Five tips for improving your writing

Want to improve your writing?

Writing is different to speaking in many ways.  It leaves a permanent record of your language so more people will likely see the things you write.  This means you have to be more careful with your organization and accuracy (eg. grammar, spelling).   You also have to think about the type of people you’re writing for and adjust your style accordingly.  Based on my experiences with learner writing (and grading IELTS writing tasks for many years), I’ve briefly outlined some tips below.

 
Overall meaning unclear
Always plan before writing.  Make time to think about the things you want to say.  Think about how you want to explain or support your points.  Even if it’s a writing test and you have limited time, it’s important to spend some of the time planning.  How you organize your writing can also help.  Different types of writing are often ordered in different ways.  For example, in essays, key points are usually repeated at the end as a summary.  But in business emails, the purpose of the mail is usually given at the beginning.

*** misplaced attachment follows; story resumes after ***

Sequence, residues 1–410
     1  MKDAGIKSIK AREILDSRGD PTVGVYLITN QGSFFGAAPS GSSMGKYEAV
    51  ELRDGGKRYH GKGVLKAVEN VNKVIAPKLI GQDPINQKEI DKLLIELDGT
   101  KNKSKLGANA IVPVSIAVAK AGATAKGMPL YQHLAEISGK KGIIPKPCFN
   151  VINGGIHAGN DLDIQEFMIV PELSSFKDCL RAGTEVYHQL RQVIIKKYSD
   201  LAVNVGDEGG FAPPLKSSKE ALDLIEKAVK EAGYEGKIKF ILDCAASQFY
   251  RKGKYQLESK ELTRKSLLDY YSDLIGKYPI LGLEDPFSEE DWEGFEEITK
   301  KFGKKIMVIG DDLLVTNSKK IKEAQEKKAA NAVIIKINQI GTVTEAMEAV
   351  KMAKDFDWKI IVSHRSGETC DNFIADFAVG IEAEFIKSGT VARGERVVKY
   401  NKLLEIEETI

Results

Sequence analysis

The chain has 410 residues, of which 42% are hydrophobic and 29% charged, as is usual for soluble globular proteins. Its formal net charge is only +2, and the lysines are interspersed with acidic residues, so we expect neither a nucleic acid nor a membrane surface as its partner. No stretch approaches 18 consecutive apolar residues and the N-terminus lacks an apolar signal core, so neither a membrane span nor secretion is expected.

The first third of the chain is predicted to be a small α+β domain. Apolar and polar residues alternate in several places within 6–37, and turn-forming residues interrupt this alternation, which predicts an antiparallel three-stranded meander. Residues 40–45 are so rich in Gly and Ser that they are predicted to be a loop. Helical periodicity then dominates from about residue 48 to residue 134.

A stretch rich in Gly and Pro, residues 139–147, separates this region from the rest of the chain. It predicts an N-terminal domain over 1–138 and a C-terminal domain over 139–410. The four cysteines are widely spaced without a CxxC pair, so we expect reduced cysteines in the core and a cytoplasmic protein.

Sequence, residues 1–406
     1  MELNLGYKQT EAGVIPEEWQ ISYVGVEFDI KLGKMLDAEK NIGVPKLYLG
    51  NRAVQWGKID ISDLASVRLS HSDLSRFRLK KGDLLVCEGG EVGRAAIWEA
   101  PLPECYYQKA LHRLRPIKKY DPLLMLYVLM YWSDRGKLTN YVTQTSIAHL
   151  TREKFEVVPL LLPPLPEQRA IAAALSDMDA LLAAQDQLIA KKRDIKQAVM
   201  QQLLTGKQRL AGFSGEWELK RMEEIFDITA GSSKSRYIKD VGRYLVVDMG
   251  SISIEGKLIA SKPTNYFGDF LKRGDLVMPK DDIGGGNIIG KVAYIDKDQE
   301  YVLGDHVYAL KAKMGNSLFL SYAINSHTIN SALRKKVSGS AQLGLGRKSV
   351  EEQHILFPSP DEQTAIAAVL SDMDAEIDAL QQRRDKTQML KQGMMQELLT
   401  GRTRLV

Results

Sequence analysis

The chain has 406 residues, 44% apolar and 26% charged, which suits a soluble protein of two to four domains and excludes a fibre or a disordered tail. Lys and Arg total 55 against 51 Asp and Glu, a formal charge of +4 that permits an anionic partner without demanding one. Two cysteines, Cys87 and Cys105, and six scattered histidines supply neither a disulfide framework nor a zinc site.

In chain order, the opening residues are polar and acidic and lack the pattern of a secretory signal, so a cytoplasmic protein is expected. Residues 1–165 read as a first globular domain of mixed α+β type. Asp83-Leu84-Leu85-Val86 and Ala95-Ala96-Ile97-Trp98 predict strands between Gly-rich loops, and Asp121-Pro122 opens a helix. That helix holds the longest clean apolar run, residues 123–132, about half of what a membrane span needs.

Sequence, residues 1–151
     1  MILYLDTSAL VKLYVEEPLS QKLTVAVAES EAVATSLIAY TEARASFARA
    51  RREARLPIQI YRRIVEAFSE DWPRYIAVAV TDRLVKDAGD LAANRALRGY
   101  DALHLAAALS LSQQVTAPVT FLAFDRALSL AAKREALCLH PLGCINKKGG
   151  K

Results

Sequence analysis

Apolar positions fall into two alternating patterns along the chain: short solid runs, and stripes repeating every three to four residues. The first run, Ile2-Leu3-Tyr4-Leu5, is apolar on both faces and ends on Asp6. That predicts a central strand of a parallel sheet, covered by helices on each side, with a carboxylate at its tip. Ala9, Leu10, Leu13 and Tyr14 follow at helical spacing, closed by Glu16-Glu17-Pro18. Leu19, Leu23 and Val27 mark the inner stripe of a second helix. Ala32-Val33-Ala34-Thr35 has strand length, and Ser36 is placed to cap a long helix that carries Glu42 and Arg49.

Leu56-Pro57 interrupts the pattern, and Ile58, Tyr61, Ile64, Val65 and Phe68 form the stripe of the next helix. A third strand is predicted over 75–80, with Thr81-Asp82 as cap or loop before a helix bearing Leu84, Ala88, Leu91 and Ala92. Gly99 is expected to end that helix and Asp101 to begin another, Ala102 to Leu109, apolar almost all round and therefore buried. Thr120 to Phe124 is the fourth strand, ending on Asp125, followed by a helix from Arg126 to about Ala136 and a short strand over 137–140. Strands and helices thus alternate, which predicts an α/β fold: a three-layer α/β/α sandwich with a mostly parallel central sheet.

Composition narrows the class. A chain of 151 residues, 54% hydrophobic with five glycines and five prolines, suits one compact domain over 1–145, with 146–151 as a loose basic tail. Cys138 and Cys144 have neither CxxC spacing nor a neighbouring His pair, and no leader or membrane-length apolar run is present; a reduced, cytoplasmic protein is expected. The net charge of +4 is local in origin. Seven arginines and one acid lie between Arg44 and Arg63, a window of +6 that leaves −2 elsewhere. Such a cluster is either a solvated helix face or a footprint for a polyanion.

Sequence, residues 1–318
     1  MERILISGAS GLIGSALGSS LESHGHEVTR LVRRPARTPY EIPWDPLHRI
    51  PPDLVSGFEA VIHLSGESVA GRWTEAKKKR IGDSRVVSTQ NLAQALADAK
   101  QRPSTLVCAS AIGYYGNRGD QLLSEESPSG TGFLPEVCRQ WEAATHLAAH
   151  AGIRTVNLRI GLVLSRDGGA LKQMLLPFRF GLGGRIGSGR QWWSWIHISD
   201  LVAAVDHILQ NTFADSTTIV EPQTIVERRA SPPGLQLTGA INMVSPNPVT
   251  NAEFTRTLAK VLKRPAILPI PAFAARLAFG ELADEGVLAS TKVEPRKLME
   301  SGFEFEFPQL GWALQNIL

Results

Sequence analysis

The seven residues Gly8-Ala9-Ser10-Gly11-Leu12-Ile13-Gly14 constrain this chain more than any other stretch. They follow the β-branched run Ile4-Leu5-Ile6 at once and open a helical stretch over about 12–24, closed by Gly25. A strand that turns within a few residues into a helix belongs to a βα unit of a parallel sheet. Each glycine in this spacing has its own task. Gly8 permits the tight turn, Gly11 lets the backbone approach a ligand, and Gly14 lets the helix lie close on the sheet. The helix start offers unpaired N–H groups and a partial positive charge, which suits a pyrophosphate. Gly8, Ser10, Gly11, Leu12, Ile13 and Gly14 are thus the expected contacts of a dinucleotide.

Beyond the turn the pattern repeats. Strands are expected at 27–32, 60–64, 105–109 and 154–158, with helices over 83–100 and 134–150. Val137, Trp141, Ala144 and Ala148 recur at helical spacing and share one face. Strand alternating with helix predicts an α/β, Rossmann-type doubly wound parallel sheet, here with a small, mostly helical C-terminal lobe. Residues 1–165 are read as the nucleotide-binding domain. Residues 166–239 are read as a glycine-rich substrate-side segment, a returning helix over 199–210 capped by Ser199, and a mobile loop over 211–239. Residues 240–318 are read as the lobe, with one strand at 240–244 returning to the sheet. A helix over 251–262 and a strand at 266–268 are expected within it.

Important points unclear
Be sure your key points are clear for the reader.  Don’t assume the reader will automatically know which of your points are more important than others.  Highlight your key points using words like “importantly”, “significantly”, or “interestingly.”

Basic mistakes
After finishing your writing, always check it carefully for basic spelling and grammatical mistakes. Even better, have someone else check it, too. Word processing software (eg. Microsoft Word) can help find mistakes for you (especially spelling) but it will often miss basic ones eg. you/your. Some websites and apps can also help you with your checking eg. Grammarly.

Language too casual
Think about who will be reading your writing.  Maybe it will be a customer reading your email.  Maybe it will be a job interviewer reading your cover letter.  Maybe it will a university professor reading your essay.  Unless you’re writing a text to your friend or a blog (or maybe even a novel), writing is usually more formal than speaking.  Avoid casual words like “okay” and contractions like “kinda” or “wanna.”

Writing difficult to read
Sometimes the layout or formatting can make your writing difficult to understand.  Use paragraphing to separate your points.  Double space your lines.  Start each sentence with two blank spaces. Use a commonly used font type and size (eg. Times New Roman 12pt for an essay or research paper).  Be extra careful with font types/sizes/colors for presentation slides.

Related links:

Recommended free online dictionaries (and apps)

How can I study for language tests?